(L-R) Friana Kwevira, Dephnny Naliupis, Dr Clare Minahan, Marcelline Moli and Chef D’Equip Dorian Tari at the Griffith University track in Queensland for Commonwealth Games Training.

If an athlete trains hard at a high level sport, has good equipment, great coaches and quite a bit of good luck, then chances are results will improve by a few seconds or a few centimetres When you see results where the improvements are measured in metres and full seconds, then you are seeing really amazing outcomes!

This has been the case with Vanuatu para-athletes Friana Kwevira (javelin), Marcelline Moli (javelin) and Dephnny Naliupis (100 metres ambulant). Last week, at the GAPS EQUIP training camp on the Gold Coast organized to provide Commonwealth Games training for parathletes already pre-selected by performance in November last year, the Vanuatu team provided some significantly improved performances.

Friana (a right arm amputee) threw 19.45metres, a 2m improvement in Javelin since November, 15 year old Marcelline Moli (a right arm amputee) threw 12.96 metres, a 2 m improvement and Dephnny (competing in the Cerebral Palsy category) ran 27.9 over 100 metres, a 2.4 second improvement.

On last year’s world rankings, this would see Friana ranked as 3rd in the Commonwealth! However, many other athletes will be invited to attend the Games we have not seen competing as yet. However, with the Games still two and a half months away in April and with a strong coaching program now planned for Friana, further improvements are more than possible.

Para-athletes from Vanuatu attended on the Gold Coast last week in preparation for the Commonwealth Games in April. This EQUIP GAPS camp saw parathletes from several other Pacific island countries receiving training and competitive opportunities to hone their skills and improve their athletic performance, lifting confidence through familiarity with sophisticated venue, facilities and equipment. The athletes were tested and their results compared to those achieved during the previous camps. Having previously attended the GAPS camp which was specifically designed for para-athletes, this final camp was integrated with able bodied -athletes from athletics, swimming, lawn bowls, and boxing.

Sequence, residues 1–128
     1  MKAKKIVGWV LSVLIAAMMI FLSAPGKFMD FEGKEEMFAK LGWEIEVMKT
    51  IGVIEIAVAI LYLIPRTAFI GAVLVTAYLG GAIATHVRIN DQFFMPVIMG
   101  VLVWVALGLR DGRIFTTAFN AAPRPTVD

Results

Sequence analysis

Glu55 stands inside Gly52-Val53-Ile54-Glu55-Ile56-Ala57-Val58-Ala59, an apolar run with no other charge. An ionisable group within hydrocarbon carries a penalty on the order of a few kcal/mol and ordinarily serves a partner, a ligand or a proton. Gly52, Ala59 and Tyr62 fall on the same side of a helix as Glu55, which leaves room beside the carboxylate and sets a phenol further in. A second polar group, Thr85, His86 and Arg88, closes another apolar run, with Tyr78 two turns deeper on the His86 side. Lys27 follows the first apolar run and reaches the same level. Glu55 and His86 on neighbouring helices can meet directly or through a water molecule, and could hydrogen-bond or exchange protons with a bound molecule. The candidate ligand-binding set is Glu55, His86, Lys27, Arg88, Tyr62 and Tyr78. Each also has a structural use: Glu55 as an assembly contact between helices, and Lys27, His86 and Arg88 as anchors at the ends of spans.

A partnership between the Griffith University and the Commonwealth Games Federation has resulted in this series of camps which focused on educating the athletes and coaches in preparation for major competitions. The integration of para-athletes is a concept which Griffith University Associate Professor Clare Minahan believes provides mutual benefits for both para-athletes and their able bodied peers and is a model which should be adopted for future opportunities.

“Integrating the para-athletes has been a very rewarding experience and the improvements they have made have affirmed the approach we took to ensure the education we provided was able to be replicated in their training environments,” explained Professor Minahan.

Supporting the athletes during the camp was Mr Chris Nunn, the Oceania Paralympic Committee (OPC) project coordinator and former Commonwealth Games competitor, “Having been involved with the three girls since the Vanuatu Paralympic Committee held a Talent Identification Program in Santo only in April last year, I have been immensely proud of the efforts the girls have made to replicate and implement the learning which took place in the previous camp. The results from the testing have shown them what is possible with regular training.”

It is anticipated that the participation in the Commonwealth Games in April by the Vanuatu para-athletes, will provide the incentive for young people with disabilities throughout Vanuatu to participate in sport, targeting healthier lifestyles and recognition for their efforts from their families and communities.

Perhaps their local supporters can also anticipate continuing improvement on their path to the Commonwealth Games!

Raymond Nasse

Sports Editor

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